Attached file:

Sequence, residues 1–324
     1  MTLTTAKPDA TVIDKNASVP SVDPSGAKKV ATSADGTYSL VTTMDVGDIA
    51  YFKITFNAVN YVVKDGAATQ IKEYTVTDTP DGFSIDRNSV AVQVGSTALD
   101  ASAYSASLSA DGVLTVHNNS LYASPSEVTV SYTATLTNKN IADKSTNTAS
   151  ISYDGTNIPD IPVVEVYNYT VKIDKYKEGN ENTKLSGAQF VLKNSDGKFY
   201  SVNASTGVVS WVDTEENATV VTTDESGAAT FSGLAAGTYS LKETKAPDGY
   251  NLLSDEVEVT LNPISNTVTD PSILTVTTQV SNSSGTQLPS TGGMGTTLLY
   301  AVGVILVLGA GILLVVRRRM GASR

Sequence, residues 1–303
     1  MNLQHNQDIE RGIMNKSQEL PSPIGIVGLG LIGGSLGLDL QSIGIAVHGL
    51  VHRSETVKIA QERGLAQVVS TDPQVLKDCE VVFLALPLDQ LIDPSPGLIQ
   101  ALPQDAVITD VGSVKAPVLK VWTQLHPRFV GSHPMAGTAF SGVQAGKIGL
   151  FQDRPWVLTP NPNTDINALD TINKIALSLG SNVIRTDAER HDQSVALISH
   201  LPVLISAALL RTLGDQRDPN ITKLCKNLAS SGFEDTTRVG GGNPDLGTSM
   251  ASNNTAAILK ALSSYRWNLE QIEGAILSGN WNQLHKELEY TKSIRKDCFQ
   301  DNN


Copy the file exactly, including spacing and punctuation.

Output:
Sequence, residues 1–324
     1  MTLTTAKPDA TVIDKNASVP SVDPSGAKKV ATSADGTYSL VTTMDVGDIA
    51  YFKITFNAVN YVVKDGAATQ IKEYTVTDTP DGFSIDRNSV AVQVGSTALD
   101  ASAYSASLSA DGVLTVHNNS LYASPSEVTV SYTATLTNKN IADKSTNTAS
   151  ISYDGTNIPD IPVVEVYNYT VKIDKYKEGN ENTKLSGAQF VLKNSDGKFY
   201  SVNASTGVVS WVDTEENATV VTTDESGAAT FSGLAAGTYS LKETKAPDGY
   251  NLLSDEVEVT LNPISNTVTD PSILTVTTQV SNSSGTQLPS TGGMGTTLLY
   301  AVGVILVLGA GILLVVRRRM GASR

Sequence, residues 1–303
     1  MNLQHNQDIE RGIMNKSQEL PSPIGIVGLG LIGGSLGLDL QSIGIAVHGL
    51  VHRSETVKIA QERGLAQVVS TDPQVLKDCE VVFLALPLDQ LIDPSPGLIQ
   101  ALPQDAVITD VGSVKAPVLK VWTQLHPRFV GSHPMAGTAF SGVQAGKIGL
   151  FQDRPWVLTP NPNTDINALD TINKIALSLG SNVIRTDAER HDQSVALISH
   201  LPVLISAALL RTLGDQRDPN ITKLCKNLAS SGFEDTTRVG GGNPDLGTSM
   251  ASNNTAAILK ALSSYRWNLE QIEGAILSGN WNQLHKELEY TKSIRKDCFQ
   301  DNN